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beef cattle, calving date, production efficiency, first calf heifers


Relative date of first calving of beef heifers was studied in relation to production efficiency and subsequent reproductive performance. Crossbred heifers were managed in drylot for 1 year, providing for measurement of feed intake through weaning of the first calf. Production traits were evaluated by calving group (CG), where CG1 included records of heifers calving (and calves born) in the first 21 days of the calving season for a particular year, CG2 included those calving from 22 through 42 days and CG3 included those calving after 42 days. Calving groups did not differ significantly for preweaning calf average daily gain, while weaning age differences resulted in heavier weaning weights for CG1 compared to CG2 and CG3. Earlier relative calving date was associated with increased cumulative feed energy intake of heifers and their calves during the 1 -year test period. In terms of production efficiency, the weaning weight advantage of earlier calving was only partly offset by increased feed energy intake of the dam-calf unit, resulting in .9 Mcal metabolizable energy (ME) less per Ib calf weaning weight for CG1 vs CG2 and 2.9 Mcal ME less per Ib calf weaning weight for CG1 vs CG3 for the 1-year period. Results suggested that within a limited calving season, earlier calving dams tended to be biologically and economically more efficient, apparently at least in part because a greater proportion of an annual production cycle consisted of a productive (lactating) mode, diluting maintenance costs as a fraction of all costs. Heifers in CG1 tended to calve earlier than CG3 heifers for the second calf. Calving interval was a biased measure under the management conditions of a limited breeding season and culling of open cows.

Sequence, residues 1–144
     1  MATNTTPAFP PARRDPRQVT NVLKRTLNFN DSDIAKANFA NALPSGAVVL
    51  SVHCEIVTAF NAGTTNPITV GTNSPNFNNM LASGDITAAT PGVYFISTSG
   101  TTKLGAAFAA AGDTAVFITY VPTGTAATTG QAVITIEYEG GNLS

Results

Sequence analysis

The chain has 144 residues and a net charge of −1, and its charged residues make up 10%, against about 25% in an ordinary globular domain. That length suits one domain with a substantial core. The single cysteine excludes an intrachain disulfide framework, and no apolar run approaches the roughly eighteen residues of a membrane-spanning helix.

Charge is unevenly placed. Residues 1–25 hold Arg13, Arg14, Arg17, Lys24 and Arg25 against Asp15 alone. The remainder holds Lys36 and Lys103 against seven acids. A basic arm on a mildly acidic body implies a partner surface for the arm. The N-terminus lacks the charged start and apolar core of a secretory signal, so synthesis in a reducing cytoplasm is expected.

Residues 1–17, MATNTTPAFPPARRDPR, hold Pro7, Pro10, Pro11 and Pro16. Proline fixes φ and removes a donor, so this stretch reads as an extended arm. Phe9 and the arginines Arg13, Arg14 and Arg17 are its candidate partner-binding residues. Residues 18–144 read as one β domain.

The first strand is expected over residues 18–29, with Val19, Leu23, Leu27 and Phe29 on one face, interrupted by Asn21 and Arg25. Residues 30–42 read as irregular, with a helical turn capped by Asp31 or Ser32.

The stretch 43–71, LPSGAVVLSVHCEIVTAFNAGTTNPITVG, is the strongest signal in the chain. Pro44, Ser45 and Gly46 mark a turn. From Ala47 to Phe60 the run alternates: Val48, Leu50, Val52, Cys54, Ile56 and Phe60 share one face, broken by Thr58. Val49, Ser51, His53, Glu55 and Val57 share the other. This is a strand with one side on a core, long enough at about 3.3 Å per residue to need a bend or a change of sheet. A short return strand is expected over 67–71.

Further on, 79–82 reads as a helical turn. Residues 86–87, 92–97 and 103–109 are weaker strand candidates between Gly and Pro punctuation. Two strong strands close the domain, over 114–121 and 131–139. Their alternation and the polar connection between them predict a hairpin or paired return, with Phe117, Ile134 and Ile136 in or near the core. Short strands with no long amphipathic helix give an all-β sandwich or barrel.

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South Dakota State University


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